Last week the government announced that developers would, in future, not have to provide a fixed number of affordable units on developments of 10 homes or less.

In addition, Councils will be able to borrow money to acquire more social housing.

The Labour Leadership’s claim, that the additional homes that they plan to build in and around the City over the next 15 years would be occupied by local residents, is also being challenged.

The following question has been tabled.

“What proportion of the 22,000 additional homes that the Cabinet Member feels should be built during the next 15 years under Labour’s Local Plan proposals, does she believe will be occupied by York residents and their families and how many by inward migration?”

Meanwhile Conservative Councillors are trying to force the resignation from the Cabinet of Cllr Tracey Simpson Laing.

Acomb Council branch office closed by Councillor Simpson Laing

Acomb Council branch office closed by Councillor Simpson Laing

They have put down a motion of “no confidence“, but cite only the Councillors failure to provide additional affordable homes in the City.

While housing building rates over the last 3 years have been disappointing, and the failure of the Council to buy on the open market to supplement the rented stock lamentable, the more serious shortcomings of the present administration are in danger of being overlooked.

Labour only have themselves to blame though, as they tried a similar “no confidence” stunt in 2008.

House prices in York

Shelter has issued another report claiming that there are not enough “affordable” homes for families to buy in York.

This is probably true but not to the extent that is claimed.

As with much other research data the figures are bedevilled by the use of average income figures.

It matters little what percentage of properties on the market are “affordable”. The key figure is the gross number available.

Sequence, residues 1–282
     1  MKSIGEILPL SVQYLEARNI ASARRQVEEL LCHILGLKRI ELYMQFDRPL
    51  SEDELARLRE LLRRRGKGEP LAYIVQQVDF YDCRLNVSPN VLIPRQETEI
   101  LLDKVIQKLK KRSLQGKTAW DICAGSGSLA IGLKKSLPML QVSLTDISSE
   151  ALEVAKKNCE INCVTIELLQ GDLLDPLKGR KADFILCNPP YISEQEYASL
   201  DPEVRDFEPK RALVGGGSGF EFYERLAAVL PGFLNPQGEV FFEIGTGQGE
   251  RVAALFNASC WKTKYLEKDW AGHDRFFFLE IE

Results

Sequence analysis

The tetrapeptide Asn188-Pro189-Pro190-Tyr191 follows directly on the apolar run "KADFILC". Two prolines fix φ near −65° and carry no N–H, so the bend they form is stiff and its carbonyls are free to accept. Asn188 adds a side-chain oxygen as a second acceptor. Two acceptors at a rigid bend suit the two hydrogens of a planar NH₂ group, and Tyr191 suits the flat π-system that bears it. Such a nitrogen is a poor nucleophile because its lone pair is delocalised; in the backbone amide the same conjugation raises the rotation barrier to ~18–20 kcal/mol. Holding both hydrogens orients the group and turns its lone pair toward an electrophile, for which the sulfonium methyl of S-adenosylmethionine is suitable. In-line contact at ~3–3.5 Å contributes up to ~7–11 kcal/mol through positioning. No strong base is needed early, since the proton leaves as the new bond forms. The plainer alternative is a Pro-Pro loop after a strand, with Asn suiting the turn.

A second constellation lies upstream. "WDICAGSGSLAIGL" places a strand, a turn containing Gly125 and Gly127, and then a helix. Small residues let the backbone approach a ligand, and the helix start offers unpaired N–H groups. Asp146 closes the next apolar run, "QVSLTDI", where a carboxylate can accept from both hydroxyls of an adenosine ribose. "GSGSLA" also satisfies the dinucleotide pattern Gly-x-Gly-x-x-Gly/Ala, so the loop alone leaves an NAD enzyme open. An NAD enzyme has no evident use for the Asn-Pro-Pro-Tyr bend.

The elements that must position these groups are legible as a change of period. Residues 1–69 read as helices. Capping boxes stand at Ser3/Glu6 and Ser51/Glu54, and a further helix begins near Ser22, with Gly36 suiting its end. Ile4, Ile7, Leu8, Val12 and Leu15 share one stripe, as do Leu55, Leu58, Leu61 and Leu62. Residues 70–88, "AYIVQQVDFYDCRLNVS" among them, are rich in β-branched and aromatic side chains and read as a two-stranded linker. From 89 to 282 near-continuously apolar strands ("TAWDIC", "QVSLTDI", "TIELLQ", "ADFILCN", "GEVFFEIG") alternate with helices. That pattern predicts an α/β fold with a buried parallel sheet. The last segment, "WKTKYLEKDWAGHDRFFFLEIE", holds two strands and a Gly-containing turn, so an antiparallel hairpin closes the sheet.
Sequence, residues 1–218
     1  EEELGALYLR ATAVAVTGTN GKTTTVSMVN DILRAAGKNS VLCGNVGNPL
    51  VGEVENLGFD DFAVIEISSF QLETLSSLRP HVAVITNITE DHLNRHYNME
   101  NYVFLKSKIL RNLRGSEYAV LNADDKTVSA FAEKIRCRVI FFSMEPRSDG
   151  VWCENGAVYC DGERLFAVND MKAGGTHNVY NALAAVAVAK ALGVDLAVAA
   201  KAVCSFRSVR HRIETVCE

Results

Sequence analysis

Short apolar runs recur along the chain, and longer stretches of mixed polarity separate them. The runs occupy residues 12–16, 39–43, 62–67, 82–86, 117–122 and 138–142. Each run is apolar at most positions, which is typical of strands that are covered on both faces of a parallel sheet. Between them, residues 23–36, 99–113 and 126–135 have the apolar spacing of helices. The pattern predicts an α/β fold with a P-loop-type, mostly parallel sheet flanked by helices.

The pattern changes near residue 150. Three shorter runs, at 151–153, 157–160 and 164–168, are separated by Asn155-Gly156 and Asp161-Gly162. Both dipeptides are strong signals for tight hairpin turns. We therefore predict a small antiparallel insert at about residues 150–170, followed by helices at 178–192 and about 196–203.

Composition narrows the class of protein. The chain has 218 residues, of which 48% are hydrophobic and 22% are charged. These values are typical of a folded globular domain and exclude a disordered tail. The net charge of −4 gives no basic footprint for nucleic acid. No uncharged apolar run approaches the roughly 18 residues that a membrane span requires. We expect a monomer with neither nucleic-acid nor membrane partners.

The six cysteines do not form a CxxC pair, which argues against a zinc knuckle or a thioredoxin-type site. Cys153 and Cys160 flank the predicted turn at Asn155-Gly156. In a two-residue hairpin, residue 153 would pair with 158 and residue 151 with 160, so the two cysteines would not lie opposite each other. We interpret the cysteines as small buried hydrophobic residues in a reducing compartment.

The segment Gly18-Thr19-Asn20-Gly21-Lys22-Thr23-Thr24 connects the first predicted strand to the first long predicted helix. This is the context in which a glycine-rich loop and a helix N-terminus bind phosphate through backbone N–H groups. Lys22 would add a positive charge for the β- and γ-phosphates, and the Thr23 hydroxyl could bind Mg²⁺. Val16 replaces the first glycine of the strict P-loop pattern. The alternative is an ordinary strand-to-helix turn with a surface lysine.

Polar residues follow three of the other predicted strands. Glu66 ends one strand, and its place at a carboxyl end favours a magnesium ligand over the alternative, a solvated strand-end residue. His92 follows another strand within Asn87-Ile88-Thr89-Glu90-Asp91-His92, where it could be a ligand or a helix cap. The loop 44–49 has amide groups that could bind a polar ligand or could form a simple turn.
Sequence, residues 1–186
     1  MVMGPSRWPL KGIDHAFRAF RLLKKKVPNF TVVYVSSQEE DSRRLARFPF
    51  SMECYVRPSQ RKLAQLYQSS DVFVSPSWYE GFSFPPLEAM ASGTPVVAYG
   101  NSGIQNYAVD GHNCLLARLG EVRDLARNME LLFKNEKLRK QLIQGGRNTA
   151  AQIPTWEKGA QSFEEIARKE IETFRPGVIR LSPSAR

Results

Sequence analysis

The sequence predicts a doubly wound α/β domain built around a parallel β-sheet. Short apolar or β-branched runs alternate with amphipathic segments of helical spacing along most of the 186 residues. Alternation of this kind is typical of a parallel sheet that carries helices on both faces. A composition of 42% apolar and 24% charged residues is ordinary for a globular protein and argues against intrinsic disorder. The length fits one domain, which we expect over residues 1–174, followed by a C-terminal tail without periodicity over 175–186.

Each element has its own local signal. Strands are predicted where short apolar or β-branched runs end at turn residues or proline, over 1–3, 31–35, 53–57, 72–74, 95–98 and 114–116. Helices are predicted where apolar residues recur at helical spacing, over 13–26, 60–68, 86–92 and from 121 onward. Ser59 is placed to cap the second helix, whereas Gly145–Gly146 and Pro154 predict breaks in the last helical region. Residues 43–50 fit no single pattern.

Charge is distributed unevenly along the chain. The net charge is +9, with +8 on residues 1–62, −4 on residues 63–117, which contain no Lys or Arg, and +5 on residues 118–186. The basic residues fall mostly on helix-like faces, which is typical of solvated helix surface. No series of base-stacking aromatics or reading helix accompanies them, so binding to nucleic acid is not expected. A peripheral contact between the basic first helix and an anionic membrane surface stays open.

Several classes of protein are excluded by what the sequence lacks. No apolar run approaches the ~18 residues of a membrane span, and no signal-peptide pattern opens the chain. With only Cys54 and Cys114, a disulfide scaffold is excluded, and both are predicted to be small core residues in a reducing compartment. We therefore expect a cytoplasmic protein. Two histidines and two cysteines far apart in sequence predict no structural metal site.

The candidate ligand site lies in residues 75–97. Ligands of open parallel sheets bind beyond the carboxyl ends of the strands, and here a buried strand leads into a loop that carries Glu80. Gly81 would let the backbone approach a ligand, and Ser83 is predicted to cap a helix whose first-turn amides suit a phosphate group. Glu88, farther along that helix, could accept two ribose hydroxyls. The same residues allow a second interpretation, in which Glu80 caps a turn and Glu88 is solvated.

The key to whether there are “enough” affordable homes for sale rests with much more simple question.

What income would a family with 2 children need to be able to afford to buy a 2 or 3 bedroomed property in the City?

Foxwood Lane to rent

Foxwood Lane to rent

Terrington Court to rent

Terrington Court to rent

Front Street to rent

Front Street to rent

Crombie Avenue for sale

Crombie Avenue for sale

Hatfield Walk to buy

Hatfield Walk to buy

Bramham Avenue to buy

Bramham Avenue to buy

There are numerous properties currently advertised for under £100,000 in York. Most are, however, flats and are unlikely to appeal to families. (click images right and left for details)

• The cheapest 2 bedroomed house is advertised at £112,500 (Bramham Avenue)

• A similar 2 bed terrace in Kingsway West is advertised for £116,995.

• The cheapest 3 bedroomed house is available in Hatfield Walk for £124,950.

• A 3 bedroomed property in Barkston Close will cost £130,000

• The cheapest 4 bedroomed property can be found in Crombie Avenue for £165,000.

• A 4 bedroomed bungalow in Coniston Close in Rawcliffe is advertised at £177,000

• The cheapest 5 bedroomed property can be found in Osbaldwick Lane for £200,000.


• On the rental market a 2 bed terrace on Front Street can be had for £495 pcm

• The cheapest 3 bedroomed property is in Terrington Court in Strensall